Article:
Pitching prospect Scott Bittle will not need surgery to correct what’s become a chronic problem in his right shoulder, a team official confirmed Friday afternoon. Bittle, a 2009 draft pick out of Ole Miss, met with Dr. James Andrews in Birmingham, Ala., and after an extensive exam it was determined that the righthander did not need surgical repair to alleviate the pain and stiffness in his shoulder.

      GM John Mozeliak said Bittle did receive a shot to tame the inflammation in the shoulder. He’ll continue treatment at the team’s facility in Jupiter, though it’s not certain when he’ll begin a throwing program.

      The Cardinals drafted Bittle in the fourth round of last summer’s draft even though his shoulder problems in college sent up a “red flag”, according to one team official. Bittle signed for a significantly reduced signing bonus — $75,000 — and the Cardinals spent the fall strengthening his shoulder rather than throwing him out into games with the questionable joint. Bittle had a few years in college, including the 2009 season, abbreviated by injury. When he was healthy, Bittle strafed the Southeastern Conference with a power cut fastball that some scouts believe could catapult him through the minors. The catch, obviously, is the cutter is only a plus pitch when he’s actually on the mound to throw it.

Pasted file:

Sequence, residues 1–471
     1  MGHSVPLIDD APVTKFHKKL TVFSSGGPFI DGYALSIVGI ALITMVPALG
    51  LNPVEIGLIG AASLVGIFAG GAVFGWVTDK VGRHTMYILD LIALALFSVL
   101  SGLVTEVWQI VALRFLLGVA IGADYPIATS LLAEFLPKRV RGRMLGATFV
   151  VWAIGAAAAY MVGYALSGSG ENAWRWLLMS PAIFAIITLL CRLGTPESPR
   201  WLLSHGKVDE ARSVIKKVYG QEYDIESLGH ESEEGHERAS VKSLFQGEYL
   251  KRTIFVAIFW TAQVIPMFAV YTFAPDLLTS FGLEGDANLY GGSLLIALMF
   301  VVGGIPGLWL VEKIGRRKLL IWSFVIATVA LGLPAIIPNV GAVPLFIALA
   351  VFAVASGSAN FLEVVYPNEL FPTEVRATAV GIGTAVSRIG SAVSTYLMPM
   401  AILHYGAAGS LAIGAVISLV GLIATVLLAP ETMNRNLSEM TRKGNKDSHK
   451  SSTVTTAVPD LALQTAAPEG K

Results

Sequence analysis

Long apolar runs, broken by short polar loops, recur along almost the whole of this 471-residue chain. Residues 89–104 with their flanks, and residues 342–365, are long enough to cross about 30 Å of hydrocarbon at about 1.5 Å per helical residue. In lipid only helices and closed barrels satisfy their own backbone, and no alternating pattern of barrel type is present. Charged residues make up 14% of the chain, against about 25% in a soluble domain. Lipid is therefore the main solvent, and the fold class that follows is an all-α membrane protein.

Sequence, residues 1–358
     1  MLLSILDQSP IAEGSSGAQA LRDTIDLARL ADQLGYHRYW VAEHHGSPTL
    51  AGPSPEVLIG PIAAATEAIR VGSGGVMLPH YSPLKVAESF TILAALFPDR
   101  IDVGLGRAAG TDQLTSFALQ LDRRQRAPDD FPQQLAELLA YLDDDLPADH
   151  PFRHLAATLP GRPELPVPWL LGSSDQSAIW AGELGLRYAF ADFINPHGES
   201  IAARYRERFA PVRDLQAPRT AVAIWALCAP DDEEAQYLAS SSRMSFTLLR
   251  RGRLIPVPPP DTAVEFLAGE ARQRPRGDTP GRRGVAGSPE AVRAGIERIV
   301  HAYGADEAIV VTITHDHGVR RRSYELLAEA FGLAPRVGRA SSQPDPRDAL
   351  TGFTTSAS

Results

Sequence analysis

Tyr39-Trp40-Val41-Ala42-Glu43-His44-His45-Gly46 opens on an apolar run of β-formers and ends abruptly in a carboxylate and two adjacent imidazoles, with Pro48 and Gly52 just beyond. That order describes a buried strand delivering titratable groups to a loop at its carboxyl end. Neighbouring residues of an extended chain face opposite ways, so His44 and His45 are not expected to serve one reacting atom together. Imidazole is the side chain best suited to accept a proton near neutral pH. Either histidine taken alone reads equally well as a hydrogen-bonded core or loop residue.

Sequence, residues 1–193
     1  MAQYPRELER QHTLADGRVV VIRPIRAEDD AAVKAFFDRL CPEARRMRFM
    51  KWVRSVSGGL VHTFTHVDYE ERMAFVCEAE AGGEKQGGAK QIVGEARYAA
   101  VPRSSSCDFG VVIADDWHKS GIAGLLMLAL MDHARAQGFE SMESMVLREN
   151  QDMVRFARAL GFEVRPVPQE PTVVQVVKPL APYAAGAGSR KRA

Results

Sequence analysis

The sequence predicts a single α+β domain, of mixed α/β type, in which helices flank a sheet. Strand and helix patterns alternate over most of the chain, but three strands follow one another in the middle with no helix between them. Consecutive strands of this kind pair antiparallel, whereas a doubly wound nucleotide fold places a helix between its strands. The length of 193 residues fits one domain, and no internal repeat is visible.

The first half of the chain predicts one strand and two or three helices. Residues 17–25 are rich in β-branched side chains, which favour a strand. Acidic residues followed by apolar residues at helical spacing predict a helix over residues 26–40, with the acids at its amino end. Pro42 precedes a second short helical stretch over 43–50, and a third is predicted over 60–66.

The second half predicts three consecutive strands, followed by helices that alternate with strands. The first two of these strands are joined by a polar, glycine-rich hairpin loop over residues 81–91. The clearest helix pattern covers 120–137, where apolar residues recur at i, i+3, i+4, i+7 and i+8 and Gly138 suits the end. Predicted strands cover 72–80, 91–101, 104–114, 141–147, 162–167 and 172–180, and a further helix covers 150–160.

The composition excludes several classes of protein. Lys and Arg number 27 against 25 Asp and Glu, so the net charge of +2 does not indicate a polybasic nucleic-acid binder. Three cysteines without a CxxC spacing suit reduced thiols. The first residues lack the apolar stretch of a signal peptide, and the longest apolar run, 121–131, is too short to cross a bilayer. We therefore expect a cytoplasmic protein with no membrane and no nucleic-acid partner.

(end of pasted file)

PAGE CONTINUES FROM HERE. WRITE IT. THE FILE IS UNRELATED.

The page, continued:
source: http://tinyurl.com/2ad8jnp

      And, FWIW, Bittle was another case of the Yankees overdrafting – as I said at that time:

      http://waswatching.com/2008/06/05/joseph-scott-bittle/

    16. Scout
      June 8th, 2010 | 10:26 am

      @ Steve Lombardi:

      No argument that Biddle was a bit of a reach when the Yankees took him so high, but if the Cards picked him in Round 4, knowing he had shoulder issues, then they also believed he had significant talent. That he is still dealing with the shoulder suggests to me the Yankees were right to pass on him.